Mosques have no prescribed shape, as we were to see during out tour. Unlike a Western church, which conventionally has a floor plan based on a cross, a mosque is just a meeting place for prayer. But most mosques we saw seemed to be based on the Byzantine domed church shape. They are, however, uniquely identifiable by the existence of at least one minaret, from which the muezzin calls the faithful to prayer. A richer mosque may have more than one minaret, but that depends on the wealth and generosity of the congregation, more than anything else. When the Hagia Sofia was converted by the Turks from a church into a mosque, it was given four minarets. It was therefore necessary that the Blue Mosque should have six, and it is the only mosque to have so many.

Two views of the approach to the Hagia Sofia from the Blue Mosque. Our guide, Ahmet Is.c.imen is in the middle of the right-hand picture.

The Hagia Sofia is almost exactly 1100 years older than the Blue Mosque. It was built by Justinian starting in 532 AD. When the Turks captured Constantinople in 1497, the soldiers started out to destroy everything Christian, but the sultan was so impressed by the majesty of the the church that he forbade any further desecration. He turned it into a mosque, which it remained until Kemal Ataturk decided it was the heritage of all mankind rather than just of Islam, and made it into a museum around 1930.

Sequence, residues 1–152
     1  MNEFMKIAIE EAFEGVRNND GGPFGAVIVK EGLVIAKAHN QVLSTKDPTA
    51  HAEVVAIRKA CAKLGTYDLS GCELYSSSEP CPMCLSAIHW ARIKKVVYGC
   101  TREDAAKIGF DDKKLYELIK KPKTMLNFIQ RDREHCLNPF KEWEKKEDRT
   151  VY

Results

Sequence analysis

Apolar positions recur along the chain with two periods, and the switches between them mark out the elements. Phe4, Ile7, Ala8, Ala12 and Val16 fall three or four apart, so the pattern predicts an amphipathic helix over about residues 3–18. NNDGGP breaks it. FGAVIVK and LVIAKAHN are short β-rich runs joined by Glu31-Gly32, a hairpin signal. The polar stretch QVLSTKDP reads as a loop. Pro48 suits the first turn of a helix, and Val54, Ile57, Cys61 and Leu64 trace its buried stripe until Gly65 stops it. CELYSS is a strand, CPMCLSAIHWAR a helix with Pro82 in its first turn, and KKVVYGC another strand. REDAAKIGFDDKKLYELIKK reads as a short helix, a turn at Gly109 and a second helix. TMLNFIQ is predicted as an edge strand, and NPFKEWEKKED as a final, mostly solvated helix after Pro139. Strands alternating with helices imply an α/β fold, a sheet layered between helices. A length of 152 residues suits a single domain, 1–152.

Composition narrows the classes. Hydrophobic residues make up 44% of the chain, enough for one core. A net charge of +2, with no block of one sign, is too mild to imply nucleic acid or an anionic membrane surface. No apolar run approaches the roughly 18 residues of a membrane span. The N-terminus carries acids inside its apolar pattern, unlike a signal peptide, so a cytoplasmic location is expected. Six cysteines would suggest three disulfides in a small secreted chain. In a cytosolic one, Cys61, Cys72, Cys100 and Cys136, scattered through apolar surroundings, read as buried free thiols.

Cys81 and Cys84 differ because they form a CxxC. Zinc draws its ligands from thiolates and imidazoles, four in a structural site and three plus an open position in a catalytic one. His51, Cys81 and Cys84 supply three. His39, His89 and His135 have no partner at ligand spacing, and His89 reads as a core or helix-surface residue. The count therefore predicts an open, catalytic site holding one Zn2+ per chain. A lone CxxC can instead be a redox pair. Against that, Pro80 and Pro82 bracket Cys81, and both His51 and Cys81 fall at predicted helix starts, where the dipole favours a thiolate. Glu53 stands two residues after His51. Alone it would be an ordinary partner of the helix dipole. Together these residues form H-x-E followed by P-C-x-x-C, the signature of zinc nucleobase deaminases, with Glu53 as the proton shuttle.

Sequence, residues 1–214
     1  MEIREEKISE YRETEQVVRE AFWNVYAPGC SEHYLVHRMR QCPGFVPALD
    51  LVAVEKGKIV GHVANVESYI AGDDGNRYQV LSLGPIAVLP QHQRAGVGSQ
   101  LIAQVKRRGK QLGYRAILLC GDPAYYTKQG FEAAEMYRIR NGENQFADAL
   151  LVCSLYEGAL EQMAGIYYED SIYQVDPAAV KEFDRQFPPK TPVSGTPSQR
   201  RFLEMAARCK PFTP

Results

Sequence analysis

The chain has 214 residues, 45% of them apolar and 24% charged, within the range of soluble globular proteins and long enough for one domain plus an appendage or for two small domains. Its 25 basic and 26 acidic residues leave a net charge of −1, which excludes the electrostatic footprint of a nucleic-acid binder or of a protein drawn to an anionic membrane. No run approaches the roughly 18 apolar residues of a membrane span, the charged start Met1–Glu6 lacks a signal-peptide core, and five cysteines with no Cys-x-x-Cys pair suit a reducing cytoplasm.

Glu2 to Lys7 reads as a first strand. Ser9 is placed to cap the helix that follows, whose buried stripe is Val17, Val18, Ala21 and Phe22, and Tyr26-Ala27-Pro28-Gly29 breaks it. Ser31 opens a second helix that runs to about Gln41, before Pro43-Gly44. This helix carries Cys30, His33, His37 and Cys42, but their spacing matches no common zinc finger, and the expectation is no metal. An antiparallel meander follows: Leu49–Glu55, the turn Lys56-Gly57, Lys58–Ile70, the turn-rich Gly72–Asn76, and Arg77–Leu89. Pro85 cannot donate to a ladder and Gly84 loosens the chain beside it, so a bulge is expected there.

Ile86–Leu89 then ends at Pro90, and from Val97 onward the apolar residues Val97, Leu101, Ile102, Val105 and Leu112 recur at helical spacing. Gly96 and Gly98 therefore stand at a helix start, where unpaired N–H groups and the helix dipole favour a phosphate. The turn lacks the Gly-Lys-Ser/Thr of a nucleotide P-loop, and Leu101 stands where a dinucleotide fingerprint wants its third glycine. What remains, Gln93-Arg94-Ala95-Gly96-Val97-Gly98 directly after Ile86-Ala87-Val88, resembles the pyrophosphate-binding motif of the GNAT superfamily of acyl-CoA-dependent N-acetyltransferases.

Hagia Sofia creates a very different impression than the Blue Mosque. When one enters the Blue Mosque, the impression is of magnificence and opulence. In the Hagia Sofia, it is of spirituality. After seeing it, the Blue Mosque seems somehow pretentious, almost tawdry in its opulence, substituting glamour for beauty like a Hollywood starlet. But spiritual or not, the Hagia Sofia is breathtaking when one enters it.

Hagia Sofia. (Left) The washing fountain at the entrance. (Middle left) The entrance to the Hagia Sofia. (Middle right) A postcard of the interior, seen from the first gallery (the women's area when it was a mosque). (Right) A mosaic of Christ flanked by the Emperor Justinian and his mother, St. Helena in the part the Turks allowed to the Christians.